Indian Protestors Burn Effigies Of Xi Jinping, Destroy Chinese Products After Deadly Border Clash

Prakash Singh/AFP via Getty Images

Varun Hukeri General Assignment & Analysis Reporter
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Protesters in India burned effigies of Chinese president Xi Jinping and destroyed Chinese-made products Wednesday after a deadly border clash earlier this week.

In numerous demonstrations around the country, Indian protestors destroyed electronic products made in China, including cell phones and televisions.


Videos uploaded to social media included “Boycott China” and “Boycott Chinese Products” hashtags. In one instance that took place in the state of Gujurat, a man threw his television from the second floor of a building.

Protestors also burned effigies of Xi and the Chinese flag. Tensions have increased dramatically between the two countries after a deadly clash took place Monday in the disputed Aksai Chin-Ladakh region. The skirmish was described as a close-quarter fight involving clubs and rocks, and 20 Indian soldiers were killed.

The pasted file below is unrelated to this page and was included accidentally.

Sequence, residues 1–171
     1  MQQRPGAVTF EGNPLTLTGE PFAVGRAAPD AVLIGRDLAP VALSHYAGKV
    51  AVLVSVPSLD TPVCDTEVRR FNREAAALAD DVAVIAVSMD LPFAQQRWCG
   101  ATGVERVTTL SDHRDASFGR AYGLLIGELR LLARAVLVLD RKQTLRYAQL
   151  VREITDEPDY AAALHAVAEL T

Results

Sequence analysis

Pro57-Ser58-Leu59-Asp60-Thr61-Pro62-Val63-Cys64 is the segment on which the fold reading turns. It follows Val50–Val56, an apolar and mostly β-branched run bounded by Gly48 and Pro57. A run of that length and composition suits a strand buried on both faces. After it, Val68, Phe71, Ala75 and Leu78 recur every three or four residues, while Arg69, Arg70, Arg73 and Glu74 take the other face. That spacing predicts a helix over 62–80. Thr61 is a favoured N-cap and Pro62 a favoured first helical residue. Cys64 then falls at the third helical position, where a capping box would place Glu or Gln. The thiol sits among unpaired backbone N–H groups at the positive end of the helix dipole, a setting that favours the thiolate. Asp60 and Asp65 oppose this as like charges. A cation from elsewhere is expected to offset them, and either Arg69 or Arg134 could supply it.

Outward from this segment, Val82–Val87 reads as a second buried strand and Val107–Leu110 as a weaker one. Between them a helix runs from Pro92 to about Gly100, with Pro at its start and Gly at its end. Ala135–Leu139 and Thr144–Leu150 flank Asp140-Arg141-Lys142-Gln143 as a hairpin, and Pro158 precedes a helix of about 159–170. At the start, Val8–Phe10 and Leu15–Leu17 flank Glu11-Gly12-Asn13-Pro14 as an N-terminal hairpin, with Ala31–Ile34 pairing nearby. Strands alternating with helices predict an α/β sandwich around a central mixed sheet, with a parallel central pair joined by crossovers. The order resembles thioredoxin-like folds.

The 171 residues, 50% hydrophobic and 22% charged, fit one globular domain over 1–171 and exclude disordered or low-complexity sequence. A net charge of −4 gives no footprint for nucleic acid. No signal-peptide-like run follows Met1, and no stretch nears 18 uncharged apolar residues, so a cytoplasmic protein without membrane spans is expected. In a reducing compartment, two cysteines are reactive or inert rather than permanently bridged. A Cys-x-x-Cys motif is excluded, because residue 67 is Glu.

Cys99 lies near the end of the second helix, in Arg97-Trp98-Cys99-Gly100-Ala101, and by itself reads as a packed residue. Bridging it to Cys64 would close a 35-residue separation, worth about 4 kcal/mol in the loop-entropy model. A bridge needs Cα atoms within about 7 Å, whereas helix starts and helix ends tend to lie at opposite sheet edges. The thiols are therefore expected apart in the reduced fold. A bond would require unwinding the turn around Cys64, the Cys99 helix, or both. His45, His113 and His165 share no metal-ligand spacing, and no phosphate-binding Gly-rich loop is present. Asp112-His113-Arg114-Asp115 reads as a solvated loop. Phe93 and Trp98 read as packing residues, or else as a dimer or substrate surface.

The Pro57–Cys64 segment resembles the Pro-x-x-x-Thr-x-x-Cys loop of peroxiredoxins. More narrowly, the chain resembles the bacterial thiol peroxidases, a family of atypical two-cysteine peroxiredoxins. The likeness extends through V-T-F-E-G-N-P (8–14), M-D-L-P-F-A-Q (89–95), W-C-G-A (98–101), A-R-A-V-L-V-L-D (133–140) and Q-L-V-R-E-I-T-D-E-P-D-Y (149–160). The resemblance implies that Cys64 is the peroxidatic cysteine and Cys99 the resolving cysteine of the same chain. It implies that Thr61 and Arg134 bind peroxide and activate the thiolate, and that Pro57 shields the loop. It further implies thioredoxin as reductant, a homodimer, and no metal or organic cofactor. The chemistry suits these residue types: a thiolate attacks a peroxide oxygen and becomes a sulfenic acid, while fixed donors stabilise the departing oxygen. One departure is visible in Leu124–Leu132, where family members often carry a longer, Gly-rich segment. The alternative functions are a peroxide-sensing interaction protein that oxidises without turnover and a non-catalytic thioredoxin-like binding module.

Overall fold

India and China fought a war over the territory in 1962, and numerous border clashes have occurred between the two countries since then. A tense stand-off between 250 Indian and Chinese soldiers occurred last month. (RELATED: India And China On High Alert Over ‘Raging Border Dispute,’ Trump Offers To Mediate)

In the state of Bihar, protestors hung pictures of Xi and Chinese Gen. Liu Lin on the necks of donkeys. The captions on the sign read “down with Xi.” The footage, which was released by Global News, depicts men waving Indian flags and chanting insults towards China.

Indian government officials told Reuters Thursday that India plans to impose higher trade barriers and raise import duties on 300 products from China. The move would target around $10 billion worth of imports with the goal of protecting Indian industries and reducing India’s roughly $47 billion trade deficit with China.

India’s communications ministry also mandated that government providers and private companies halt all future telecommunications deals with China, the Guardian reported. The ministry also banned Chinese companies from participating in domestic projects such as cellular network upgrades.